Conversion Rate Optimization

What is Conversion Rate Optimization (CRO)?

Conversion Rate Optimization (CRO) is the process of persuading your website users to take a certain action. That action can be a sale, filling out a form or downloading a whitepaper, or even just opting in to learn more about your company. CRO involves creating a compelling user experience that enables them to quickly and easily find what they’re looking for and sells them on the benefits of your service if they’re not already sold.

CRO typically involves making it as easy as possible for your visitors to take the action you want them to take. With that in mind, it’s usually a good idea to make your on-site navigation intuitive and well laid out, so visitors can find what they’re looking for without a lot of hassle. You should also include things like call to action (CTA) buttons prominently on the site, so that once visitors are convinced to act they easily can.

Elements of CRO

The below isn’t an inclusive list of CRO elements, but if you design your website with these factors in mind, you’ll probably convert your existing web traffic at a higher rate than you were before.

Understand your visitor’s thought process

In order to persuade your website visitors to take action, you need to understand their psychology. This means putting yourself into their shoes and figuring out what they want from you and, more importantly, what their objections are to taking the action you want them to take. Do they want the new shoes you sell, but they’re concerned shoes bought online might not fit and they won’t be able to return them? Emphasize your fair return policy. Do they want your service, but they’re not sure how to sign up? Make it easy for them with prominent sign-up buttons. The key is to understand your user so you can understand how to handle their objections and sell them on something that will benefit them.

In order to understand your user, it’s important to get to know them. Focus groups and surveys of your existing customers (or of people who didn’t convert into customers) can be a great way to understand their goals and concerns around your product.

Optimize your Call to Action (CTA)

The call to action (CTA) is usually in the form of a button, and is how you ultimately drive visitors to take the action you want them to take—whether that’s buying new shoes or downloading your whitepaper. Use actionable language to help users convert (ex: Buy Now, Get Started). The language you use in your buttons or form submissions is a critical part of getting users to convert. Also, it’s important to make the call to action stand out. A good CTA catches the visitor’s eye right when they navigate to a page.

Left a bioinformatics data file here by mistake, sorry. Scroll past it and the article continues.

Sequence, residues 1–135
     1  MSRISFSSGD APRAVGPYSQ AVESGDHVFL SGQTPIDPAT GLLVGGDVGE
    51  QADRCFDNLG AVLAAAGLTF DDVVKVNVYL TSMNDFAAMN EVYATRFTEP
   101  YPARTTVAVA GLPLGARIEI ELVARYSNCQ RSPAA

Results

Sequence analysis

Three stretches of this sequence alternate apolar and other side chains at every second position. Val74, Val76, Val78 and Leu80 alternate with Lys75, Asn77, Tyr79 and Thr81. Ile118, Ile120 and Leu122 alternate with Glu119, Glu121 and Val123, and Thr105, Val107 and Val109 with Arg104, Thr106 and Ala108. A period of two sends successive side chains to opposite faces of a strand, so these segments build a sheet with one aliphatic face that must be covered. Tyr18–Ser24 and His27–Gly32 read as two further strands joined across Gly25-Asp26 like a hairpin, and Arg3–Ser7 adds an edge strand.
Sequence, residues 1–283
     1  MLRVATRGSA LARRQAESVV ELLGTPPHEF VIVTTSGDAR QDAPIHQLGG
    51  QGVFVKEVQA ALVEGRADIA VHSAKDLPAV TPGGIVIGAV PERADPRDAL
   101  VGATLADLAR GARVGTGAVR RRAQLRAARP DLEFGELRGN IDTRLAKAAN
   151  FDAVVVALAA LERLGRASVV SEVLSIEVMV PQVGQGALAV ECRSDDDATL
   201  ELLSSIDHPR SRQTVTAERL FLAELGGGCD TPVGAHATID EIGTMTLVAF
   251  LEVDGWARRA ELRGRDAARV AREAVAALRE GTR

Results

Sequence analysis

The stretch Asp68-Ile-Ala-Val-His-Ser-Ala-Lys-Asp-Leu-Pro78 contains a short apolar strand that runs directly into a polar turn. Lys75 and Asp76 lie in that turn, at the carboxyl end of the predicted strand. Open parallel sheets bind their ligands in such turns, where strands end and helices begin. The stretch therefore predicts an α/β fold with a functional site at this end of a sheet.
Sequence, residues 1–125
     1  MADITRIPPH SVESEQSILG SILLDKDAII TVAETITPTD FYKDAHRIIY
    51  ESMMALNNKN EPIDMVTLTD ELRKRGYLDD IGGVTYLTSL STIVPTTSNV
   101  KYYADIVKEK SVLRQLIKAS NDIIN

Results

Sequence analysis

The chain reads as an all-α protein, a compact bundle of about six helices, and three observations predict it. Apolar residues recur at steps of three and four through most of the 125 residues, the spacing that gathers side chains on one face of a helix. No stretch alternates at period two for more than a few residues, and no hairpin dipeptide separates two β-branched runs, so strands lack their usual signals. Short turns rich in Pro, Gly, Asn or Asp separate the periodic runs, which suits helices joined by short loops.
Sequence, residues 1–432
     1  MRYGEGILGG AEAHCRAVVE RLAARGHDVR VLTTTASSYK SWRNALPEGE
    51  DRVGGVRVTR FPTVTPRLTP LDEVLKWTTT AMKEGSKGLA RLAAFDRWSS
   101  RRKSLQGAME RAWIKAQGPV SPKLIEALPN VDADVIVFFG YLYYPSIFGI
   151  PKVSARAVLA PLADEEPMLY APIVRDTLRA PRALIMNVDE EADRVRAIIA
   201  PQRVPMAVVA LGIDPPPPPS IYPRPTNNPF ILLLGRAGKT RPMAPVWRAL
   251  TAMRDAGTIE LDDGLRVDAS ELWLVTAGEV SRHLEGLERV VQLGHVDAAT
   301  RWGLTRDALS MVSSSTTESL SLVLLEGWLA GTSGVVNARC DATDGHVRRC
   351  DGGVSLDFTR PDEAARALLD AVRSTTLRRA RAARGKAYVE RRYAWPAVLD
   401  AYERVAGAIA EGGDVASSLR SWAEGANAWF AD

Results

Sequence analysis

If you’d like some examples, here are 30 great CTA’s you can see and learn from.

A/B Testing

It’s important to not just assume that what you’re doing is the best way to convert visitors into taking action; instead, you should constantly be testing. A/B testing involves creating two different pages that vary in one way (ex. the text of the CTA), and showing each of them to half of your website visitors. Then the A/B test will tell you which page is performing better in terms of getting visitors to take a certain action (ex. download a whitepaper).

You can A/B test the layout of your pages, where the call to action button is, what images and text you show visitors, and a host of other elements in order to figure out the best way to persuade visitors to take that key action.


Conversion rate optimization has a very close relationship to Search Engine Optimization (SEO). A strong SEO campaign can drive a lot of traffic to your site. However, it’s vital to convert that traffic into customers so that you can see that traffic improve your bottom line.

Additionally, Google wants to make sure that it’s serving up relevant listings when people search for something, so it takes into account the user experience of a site. If lots of users enter your site but then immediately bounce because your site has a bad user experience, then that will likely hurt your rankings. A strong inbound marketing campaign relies on both CRO and SEO in order to move the needle and deliver results where they count—to your bottom line.

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